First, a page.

Monday, March 23, 2009

Amstel Quartet at the Bradbury Building

Bradbury BuildingWhen my friend Adam emailed me asking if I wanted to go to a concert at the Bradbury Building, there weren't any reasons not to go - it was an outing with a good friend; I'm a big fan of chamber music, and as much as I love the beautiful historic architecture of Los Angeles, I had never visited the Bradbury Building. To boot, the Da Camera Society that hosts Chamber Music in Historic Sites is an ExperienceLA partner. What more could I want?

The Da Camera Society of Mount St. Mary's College brings together two great things - Chamber Music and Historic Sites. The experience is two-fold because the beauty of the experience is coming from so many different directions - the visuals presented by the detail of historic architecture and the sounds of great music within that beautiful space. In the case of my Sunday afternoon, I was able to hear the Amstel Quartet - a saxophone quartet from Amsterdam - within the architecture of the 1893 Bradbury Building.

The Bradbury Building was built for mining millionaire Lewis Bradbury by George Wyman. The building would be Wyman's most famous work. A backstory provided by Jennifer Pinie in the program mentions that Wyman consulted a plancette (a Quija board-esque device) to talk to his dead brother about taking on the project. The program indicated the irony of the response as the dead brother "told" him: "Take the Bradbury Building. It will make you famous." I personally think it was a prophecy fulfilled because it did make him famous, and for good reason!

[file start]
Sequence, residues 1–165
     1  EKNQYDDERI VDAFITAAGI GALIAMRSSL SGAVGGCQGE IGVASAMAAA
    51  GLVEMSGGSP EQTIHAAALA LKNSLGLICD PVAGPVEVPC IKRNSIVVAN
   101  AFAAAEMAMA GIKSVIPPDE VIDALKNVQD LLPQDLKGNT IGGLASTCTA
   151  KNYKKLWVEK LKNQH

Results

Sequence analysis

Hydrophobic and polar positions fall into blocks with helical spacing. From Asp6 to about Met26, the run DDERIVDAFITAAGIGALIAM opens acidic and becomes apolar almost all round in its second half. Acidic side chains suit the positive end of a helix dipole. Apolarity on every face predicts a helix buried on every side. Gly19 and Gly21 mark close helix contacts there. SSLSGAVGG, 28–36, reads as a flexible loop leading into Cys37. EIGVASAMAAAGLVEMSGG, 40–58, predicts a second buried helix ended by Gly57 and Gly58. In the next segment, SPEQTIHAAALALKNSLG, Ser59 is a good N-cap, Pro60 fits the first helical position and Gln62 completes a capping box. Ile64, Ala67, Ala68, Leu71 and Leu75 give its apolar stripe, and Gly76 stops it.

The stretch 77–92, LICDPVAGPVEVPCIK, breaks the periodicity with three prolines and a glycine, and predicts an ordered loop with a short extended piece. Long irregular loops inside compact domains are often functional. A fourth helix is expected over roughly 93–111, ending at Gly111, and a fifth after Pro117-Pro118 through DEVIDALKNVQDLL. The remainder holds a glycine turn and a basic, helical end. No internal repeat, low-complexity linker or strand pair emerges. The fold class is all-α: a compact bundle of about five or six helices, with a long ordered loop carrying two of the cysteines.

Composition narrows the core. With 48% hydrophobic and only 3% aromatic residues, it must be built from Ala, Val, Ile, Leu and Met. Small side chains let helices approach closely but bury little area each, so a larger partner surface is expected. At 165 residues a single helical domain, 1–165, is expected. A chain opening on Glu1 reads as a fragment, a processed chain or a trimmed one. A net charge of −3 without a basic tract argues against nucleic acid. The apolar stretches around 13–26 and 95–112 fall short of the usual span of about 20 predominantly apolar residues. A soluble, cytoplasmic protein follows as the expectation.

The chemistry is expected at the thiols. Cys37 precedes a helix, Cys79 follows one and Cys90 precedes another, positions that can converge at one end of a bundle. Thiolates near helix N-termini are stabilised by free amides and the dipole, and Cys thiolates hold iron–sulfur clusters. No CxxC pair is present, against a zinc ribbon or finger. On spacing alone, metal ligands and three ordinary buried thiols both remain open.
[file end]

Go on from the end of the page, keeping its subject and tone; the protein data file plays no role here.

The Bradbury Building - perhaps also known for its movie star qualities in Blade Runner and Chinatown among many other films - is just beautiful. With wrought iron caged elevators and imported tiles and its huge skylight, your breath catches a little, just looking up when you walk in.

Couple this background with the music of the Amstel Quartet and it was a spectacular afternoon. The Amstel Quartet had a music set that went from works in the late 1800s to modern times (I was a big fan of the Haydn and the A. Pärt) which fit an evening basking in Bradbury Building history. Also, at one point, the quartet played their instruments and walked up and down the stairs of the inner courtyard. A little hokey I suppose, but I'd just fall flat on my face just trying to walk in general, so it impressed me!

Next up in the Da Camera Society's Chamber Music in Historic Sites series is Ciaramella presents "Prisoners of War and Love" at one of my recently tweeted architectural discoveries - the 27th floor observation deck at the City Hall of the City of Los Angeles.

Scroll through my photos of the Bradbury Building in my Flickr:

-Charity Tran, ExperienceLA Web Coordinator

1 comment:

Sherrill Herring said...

Thanks for the write up, Charity. We look forward to seeing you at our next Chamber Music in Historic Sites concert!

Sherrill Herring, Associate Director
The Da Camera Society